The fine line between success and superlative success

Here's how to aim for outrageous, larger-than-life goals...

Young archer aiming for imaginary bulls eye in the sky

The difference between success and superlative success is the ability to think huge. However, most of us consider thinking large to be just that—a thinking activity. It’s much beyond that. As we discover super-sized thinking, we can use its power to drive larger-than-life actions. Thinking large can help us cultivate vision, possibilities, courage, and action. This helps to clarify and achieve our XXXL goals.

In spite of this being a tempting option, a lot of people don’t think huge because they don’t know what kind of attitude and actions lead to such thinking. And learning to think in this way is important because wishing and thinking are two different activities. Dreaming about a huge goal can get us excited, but not necessarily get us moving in that direction. Purposeful thinking, on the other hand, can result in significant progress in our life. Here are five effective ways to ‘Think Large’ and act on that thinking.

1. Maintain your perspective

At this level, it’s no longer about whether you see the glass half full or empty. It’s about filling the glass to the brim or, aiming to make the glass into a pitcher. But this isn’t possible if you keep looking at the limitations. Thinking from big to bigger too is a matter of perspective—it’s in your mind. Your mind labels the goal as large or too large. Strip the goal off its largeness and learn to look at it for what it is—just a goal.

Thinking large means to strategically think beyond your ‘perceived’ limitations. That is when you’ll discover a breakthrough to greater success. Don’t compare your current situation to your goal if what you keep seeing is the gap. Know that it’s a matter of freeing your mind of the confines of your thought. Once you do, you’ll find it easier to glide to a much brighter future.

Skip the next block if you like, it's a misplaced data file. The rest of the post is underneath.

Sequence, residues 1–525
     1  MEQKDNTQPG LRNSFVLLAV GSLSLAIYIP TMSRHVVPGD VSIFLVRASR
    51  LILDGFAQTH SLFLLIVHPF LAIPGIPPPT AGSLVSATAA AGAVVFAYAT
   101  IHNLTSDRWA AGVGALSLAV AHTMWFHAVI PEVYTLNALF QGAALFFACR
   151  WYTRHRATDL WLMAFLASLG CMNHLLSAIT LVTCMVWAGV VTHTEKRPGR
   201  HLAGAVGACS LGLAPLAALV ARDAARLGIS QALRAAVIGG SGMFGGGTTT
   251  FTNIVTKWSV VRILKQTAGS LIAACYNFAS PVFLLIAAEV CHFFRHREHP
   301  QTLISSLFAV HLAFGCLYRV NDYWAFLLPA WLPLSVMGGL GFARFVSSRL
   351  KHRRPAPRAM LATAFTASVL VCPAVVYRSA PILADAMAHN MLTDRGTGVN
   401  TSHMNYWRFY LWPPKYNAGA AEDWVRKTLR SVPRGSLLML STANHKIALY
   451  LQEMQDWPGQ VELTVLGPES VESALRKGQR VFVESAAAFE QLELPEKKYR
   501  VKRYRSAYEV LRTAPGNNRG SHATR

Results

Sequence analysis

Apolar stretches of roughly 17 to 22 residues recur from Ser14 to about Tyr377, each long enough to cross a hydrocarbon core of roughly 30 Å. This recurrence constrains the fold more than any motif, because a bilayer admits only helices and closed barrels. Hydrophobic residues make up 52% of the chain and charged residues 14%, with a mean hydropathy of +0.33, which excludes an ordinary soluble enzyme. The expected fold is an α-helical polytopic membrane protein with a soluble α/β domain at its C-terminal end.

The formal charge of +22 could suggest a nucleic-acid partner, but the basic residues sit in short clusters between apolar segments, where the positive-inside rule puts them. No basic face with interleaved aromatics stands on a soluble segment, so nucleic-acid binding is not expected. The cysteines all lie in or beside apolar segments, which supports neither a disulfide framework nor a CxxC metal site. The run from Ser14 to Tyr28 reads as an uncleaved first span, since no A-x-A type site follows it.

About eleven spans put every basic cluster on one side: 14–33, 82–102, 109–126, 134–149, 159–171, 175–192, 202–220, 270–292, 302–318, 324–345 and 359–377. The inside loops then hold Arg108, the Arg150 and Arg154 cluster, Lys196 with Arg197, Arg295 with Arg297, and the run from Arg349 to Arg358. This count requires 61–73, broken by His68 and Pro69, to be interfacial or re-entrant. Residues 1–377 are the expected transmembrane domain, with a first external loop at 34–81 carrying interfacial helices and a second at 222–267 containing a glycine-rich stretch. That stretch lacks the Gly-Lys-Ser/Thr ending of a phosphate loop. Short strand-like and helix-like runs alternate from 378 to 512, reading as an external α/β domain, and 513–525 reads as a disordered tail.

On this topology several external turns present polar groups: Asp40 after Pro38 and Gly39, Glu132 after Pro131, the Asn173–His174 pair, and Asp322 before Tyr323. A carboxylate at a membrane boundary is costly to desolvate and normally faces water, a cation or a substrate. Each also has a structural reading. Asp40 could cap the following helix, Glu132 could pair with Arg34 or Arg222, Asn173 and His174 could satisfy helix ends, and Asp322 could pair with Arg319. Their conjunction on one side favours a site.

Dreaming about a huge goal can get us excited, but not necessarily get us moving in that direction

2. Unlock your potential

Knowing that we are talented is one thing, knowing how to act on that knowledge is quite another. The former creates wishful thinking and the latter propels planned action. Often, our potential remains dormant because we allow our insecurities to get in the way. Our potential is like a treasure locked inside us. It needs the right key to turn the lock and let out our strengths in full measure. We all have the potential to achieve anything we set our sights on—no matter how big the goal. Self-awareness and determination are the keys to unlocking our potential and driving our success. When we utilise our potential, it gives a big boost to thinking beyond big and taking action on that thinking.

If you truly want to become the CEO or own a business or start an NGO, then all your energy and focus must be on doing something new and different, going beyond the tried- and-tested and achieving more than anyone expects from you. This attitude helps to play to your biggest strengths and use your potential. Many people say to me, they have a book inside their heads waiting to come out. That book will continue to wait unless they understand that ‘they’, and not their mind, is causing the delay. Their mind is ready to unlock its potential, if only they turned the key. This release of our innate talents creates courageous thinking.

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3. Cultivate creative thinking